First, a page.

But what stupefies me even more is why no one among the Revillas and among the pundits in this country have seen fit to point out that all these line of investigative reporting is way out of line. They are irrelevant.
I don’t understand why Senator Ramon Bong Revilla Jr seems to think he is beholden to the media on things that are clearly family matters. There he was Friday evening in a late news telecast sputtering inarticulately as he was put on the spot and confronted with details about his half-sister’s flight out of the country. Surely, we can allow a senator some dignity in the face of such a complicated family tragedy. As a result, he was forced to crucify his own half-sister in public media because as he said, he is “senator of the whole Filipino people not just of the Revilla family.”
When have we become so overzealous to the point of being unnecessarily - and therefore excessively – intrusive? It’s approaching bizarre proportions.
A state prosecutor I was talking to last week told me that the police has been pinned against the wall on this case and are forced to justify their actions because of the personalities involved and the aggressiveness of media. Apparently, one police general was left with no other choice but to explain what they were doing because television reporters would not let up with the questions and were already interfering with the official investigation.
Like I said, I understand the inherent curiosity that has attended this case. People want to know what really happened. We all want some form of closure. A young man is six feet under ground, his girlfriend is fighting for her life in a hospital, and a younger brother is languishing in jail without a warrant of arrest or a charge sheet. We don’t have to force the wheels of justice to turn faster in order to satiate what seems to be hunger for salacious details.
If I loved this country any less, I would probably be living and working in Thailand. I love many things about Thailand and the Thai people including the contradictions in their culture, which, by the way, are just as plentiful as ours. But what I love most about the Thais is the way they have valiantly tried to protect their cultural heritage even as they aggressively marched towards becoming a tiger economy.
Thus, it’s been with some measure of sadness that I have been monitoring the situation in Thailand over the last few weeks. The immediate concern, of course, was for an older brother and his family and some friends and former students who have made Bangkok their home for the last couple of years. Fortunately, keeping track of their situation has become a lot easier thanks to social media. Many of my friends in Thailand have been assiduously posting updates on their situations in various social networking sites for the benefit of everyone else who have to contend with what is often hysterical reportage from the traditional media. Truly, one of the great benefits of social networking is that one gets to hear about developments straight from the people concerned themselves, without the static that usually accompanies third-party reporting.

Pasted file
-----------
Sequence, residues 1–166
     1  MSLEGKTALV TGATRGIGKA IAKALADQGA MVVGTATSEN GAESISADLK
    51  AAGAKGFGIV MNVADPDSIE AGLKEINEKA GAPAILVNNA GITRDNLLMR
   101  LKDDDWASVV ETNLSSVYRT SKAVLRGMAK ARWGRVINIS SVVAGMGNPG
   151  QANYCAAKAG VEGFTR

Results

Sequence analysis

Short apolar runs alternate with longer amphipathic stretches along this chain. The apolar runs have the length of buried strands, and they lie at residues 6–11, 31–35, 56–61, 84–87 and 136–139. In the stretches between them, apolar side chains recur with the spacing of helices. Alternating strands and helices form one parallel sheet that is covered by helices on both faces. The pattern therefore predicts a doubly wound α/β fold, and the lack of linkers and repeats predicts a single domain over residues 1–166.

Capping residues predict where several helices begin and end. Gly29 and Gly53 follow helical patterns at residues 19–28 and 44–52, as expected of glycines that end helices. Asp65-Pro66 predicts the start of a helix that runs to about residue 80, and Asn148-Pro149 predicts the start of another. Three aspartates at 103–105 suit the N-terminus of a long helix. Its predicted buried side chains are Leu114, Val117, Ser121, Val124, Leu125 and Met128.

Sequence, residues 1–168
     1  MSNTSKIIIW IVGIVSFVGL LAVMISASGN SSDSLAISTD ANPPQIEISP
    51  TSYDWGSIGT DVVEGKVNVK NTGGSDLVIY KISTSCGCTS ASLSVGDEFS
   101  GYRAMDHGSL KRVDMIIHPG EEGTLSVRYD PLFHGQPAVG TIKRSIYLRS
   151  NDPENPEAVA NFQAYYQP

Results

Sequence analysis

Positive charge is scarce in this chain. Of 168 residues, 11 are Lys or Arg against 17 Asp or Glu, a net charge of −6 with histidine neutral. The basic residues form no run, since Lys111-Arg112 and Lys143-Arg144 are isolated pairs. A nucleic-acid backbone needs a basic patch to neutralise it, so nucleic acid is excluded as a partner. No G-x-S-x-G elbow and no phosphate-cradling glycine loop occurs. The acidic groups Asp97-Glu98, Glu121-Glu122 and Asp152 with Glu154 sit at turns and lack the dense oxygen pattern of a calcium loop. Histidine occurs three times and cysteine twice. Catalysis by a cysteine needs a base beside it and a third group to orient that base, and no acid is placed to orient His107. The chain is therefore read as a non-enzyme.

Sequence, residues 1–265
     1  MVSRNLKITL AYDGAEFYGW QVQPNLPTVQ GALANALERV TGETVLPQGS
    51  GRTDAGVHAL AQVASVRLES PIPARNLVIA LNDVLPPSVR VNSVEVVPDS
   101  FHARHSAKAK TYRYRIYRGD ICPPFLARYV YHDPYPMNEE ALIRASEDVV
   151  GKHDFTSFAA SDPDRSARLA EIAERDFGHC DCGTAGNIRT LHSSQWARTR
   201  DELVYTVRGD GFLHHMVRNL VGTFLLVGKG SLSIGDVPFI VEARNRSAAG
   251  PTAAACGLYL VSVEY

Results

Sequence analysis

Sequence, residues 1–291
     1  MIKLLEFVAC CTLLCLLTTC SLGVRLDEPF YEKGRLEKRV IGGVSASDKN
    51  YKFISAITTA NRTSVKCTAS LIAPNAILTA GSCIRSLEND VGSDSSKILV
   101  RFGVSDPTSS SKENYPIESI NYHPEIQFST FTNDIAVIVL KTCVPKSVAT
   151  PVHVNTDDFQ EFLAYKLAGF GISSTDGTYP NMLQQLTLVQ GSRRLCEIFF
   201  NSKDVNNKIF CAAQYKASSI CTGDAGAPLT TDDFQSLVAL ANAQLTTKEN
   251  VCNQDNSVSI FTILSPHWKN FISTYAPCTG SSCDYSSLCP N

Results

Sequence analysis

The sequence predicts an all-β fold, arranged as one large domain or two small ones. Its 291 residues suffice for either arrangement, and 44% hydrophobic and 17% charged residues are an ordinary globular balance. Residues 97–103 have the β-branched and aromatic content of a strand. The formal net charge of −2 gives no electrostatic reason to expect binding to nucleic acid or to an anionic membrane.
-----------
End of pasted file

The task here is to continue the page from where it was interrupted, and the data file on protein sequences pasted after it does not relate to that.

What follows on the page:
I was also worried for the temples and the other landmarks of the city. Initial media reports screamed about the possibility of the Grand Palace, Bangkok’s majestic main tourist draw and former home of Thai monarchs, being inundated by waters from the Chao Phraya river. Fortunately, while floodwater did enter the complex, the damage has not been massive so far. I am aware that some people might find my concern for Bangkok’s cultural heritage out of place given the fact that I am Filipino, but I have always believed world heritage sites belong to all people of this world regardless of where they are.
So yes, parts of Bangkok are under water. To be specific, about seven of the city’s 50 districts are under water, with some parts flooded by as high as four meters. Floodwater has reached the runway of Bangkok’s domestic airport Don Muang, forcing authorities to close it down. Those alarming pictures of planes seemingly floating on water, were taken from this airport. Reports would later indicate that those picturesque photos were of planes that have been decommissioned, in short, they were planes that had no engines! Many countries, including the Philippines, have issued travel advisories warning citizens against traveling to Thailand but the country’s main international airport, Suvarnabhumi Airport, has remained operational and is actually flood-free.